Governance & Integrity

Knops’ Handling of Appointments to BOD at Flamingo Airport Unfortunate

State Secretary Raymond Knops seen her with Bonaire Island Governor Edison Rijna. Photo: Archive.
Knops en Rijna

State Secretary Raymond Knops seen her with Bonaire Island Governor Edison Rijna. Photo: Nico van der Ven via OLB Bonaire

By Harald Linkels


Although it is first and foremost the current Executive Council of Bonaire which should be blamed for creating a totally unnecessary administrative crisis at the airport in Bonaire; the way in which State Secretary Knops has dealt with the appointment of new candidates to the Supervisory Board has not helped much either.

Although it can be expected of Knops and acting Kingdom Representative Jan Helmond, that they intervene in cases of political appointments or in the case of an intent to name unqualified candidates to a Supervisory Board, it now appears that 3 local professionals have been damaged in the process to get to a new Board of Directors at Flamingo Airport.

The criteria used by Knops and Helmond to shoot down the three candidates proposed by the Executive Counciel are, at least, questionable. For example, the State Secretary in his letter on the subject wrote that the candidates would not have at least 7 years’ experience with leading a company. But is that truly imperative?

Pilot and Captain on Insel Air’s Fokker 50, Franklin Antoin has almost 20 years’ experience as a pilot at the airport of Bonaire, where before his recruitment by Insel Air he flew for Divi Divi Air and he was captain on the Fokker 100 of Dutch Antilles Express. Even if Antoin doesn’t know ‘everything’ about the functioning of an NV, he undoubtedly knows how the Flight Operations department should function, how BIA deals with Flight Plans and what the quality of service provided to the airlines is.

The same applies to Gerald Clarinda, who not only knows a lot about aviation, but also has experience as an employee of the airport concerned.

Likewise, CPA Kumar-Tadvid Piar might not have the desired experience in leading a company himself, but he does hold a university degree and as accountant he undoubtedly knows what the financial statements of the airport should look like, how the administrative organization and internal control should be organized and how yearly budgets should be drafted.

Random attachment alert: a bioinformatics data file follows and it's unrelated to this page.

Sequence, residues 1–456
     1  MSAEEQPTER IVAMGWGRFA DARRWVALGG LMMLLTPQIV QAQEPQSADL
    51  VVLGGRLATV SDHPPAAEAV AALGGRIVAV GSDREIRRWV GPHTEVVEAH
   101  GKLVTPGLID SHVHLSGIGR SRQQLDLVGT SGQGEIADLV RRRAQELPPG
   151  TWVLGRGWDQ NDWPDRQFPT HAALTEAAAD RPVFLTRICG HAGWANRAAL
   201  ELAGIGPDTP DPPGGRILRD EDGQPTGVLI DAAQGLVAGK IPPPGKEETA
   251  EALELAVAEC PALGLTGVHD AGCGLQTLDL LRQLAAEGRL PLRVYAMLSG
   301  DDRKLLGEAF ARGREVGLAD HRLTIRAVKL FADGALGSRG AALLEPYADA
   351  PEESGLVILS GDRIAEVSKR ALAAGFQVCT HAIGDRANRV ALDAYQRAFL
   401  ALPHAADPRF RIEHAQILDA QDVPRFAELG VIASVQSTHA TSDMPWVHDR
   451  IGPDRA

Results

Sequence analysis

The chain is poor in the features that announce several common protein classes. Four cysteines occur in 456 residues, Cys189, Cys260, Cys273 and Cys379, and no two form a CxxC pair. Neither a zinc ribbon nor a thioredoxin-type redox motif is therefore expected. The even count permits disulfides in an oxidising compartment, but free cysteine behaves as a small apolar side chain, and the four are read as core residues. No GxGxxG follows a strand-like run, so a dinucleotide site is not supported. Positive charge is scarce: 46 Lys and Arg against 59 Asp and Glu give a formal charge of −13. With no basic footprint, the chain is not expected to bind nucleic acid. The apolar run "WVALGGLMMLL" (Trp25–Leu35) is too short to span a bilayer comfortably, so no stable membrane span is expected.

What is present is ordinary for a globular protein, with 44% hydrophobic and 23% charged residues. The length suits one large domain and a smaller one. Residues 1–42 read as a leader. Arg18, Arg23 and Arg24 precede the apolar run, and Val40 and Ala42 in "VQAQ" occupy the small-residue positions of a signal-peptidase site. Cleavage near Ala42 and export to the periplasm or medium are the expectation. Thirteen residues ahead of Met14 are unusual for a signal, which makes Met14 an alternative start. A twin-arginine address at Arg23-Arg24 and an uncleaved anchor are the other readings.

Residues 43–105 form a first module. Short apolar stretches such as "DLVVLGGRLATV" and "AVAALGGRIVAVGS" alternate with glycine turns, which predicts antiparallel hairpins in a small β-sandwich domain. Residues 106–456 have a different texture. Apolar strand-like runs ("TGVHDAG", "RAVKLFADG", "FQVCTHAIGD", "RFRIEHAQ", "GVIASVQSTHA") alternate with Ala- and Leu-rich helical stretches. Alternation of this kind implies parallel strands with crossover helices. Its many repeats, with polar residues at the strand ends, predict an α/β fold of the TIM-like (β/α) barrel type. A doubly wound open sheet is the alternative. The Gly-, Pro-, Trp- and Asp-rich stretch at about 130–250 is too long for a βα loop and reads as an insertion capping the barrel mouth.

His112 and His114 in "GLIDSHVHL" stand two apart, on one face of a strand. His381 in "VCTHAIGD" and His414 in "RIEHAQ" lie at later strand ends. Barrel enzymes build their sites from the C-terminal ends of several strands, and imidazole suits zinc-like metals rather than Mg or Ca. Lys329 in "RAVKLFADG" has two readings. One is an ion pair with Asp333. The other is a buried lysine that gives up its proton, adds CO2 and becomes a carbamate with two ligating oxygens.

When it comes to the Board effectiveness, experts time and again point to the importance of diversity within the board, both when it comes to age and when it comes to the type of expertise that each candidate brings along.

Withholding approval from the three candidates involved gives exactly the wrong signal. The Executive Council did not opt for a political appointment, but went in search of local, Bonerian professionals who have earned a reputation in their own profession. What Knops and Helmond seem to have overlooked in their analysis is the fact that those involved, on the island at least, do have the needed credibility to function on a Supervisory board of the Airport.

In addition, a frightening image arises that, however much people are known locally as (honest) professionals, only people from the “old boys’ network” can qualify for appointment as supervisory directors at institutions such as BIA.

In the underlying case, this means either having had a political career (preferably in Dutch politics), or an employment history at KLM or at Schiphol, which is seen (especially by the Dutch themselves) as the ultimate thing in the aviation world.

Credibility in the community
Studies on Board effectiveness, also show that directors should have credibility and should be recognized as professionals in the community they serve. Antoin, Clarinda and Piar do have that. The umpteenth friend of this or that (Dutch) minister, secretary of state, KLM or Schiphol director do not have that at all in the eye of the population.

The action of Helmond and Knops therefore, threaten to reinforce the impression that not only objective criteria are important when appointing people to Supervisory Boards of organizations such as the Airport, but that is also necessary to the right contacts in Holland. That impression is undesirable.

A better approach by Knops and Helmond would have been to add some more experience to the proposed candidates in the form of some older or more experienced Board members. With such approach, everybody would have won something. Right now, however, everyone has lost. Especially the three local candidates which have been damaged and disqualified front of the own population.

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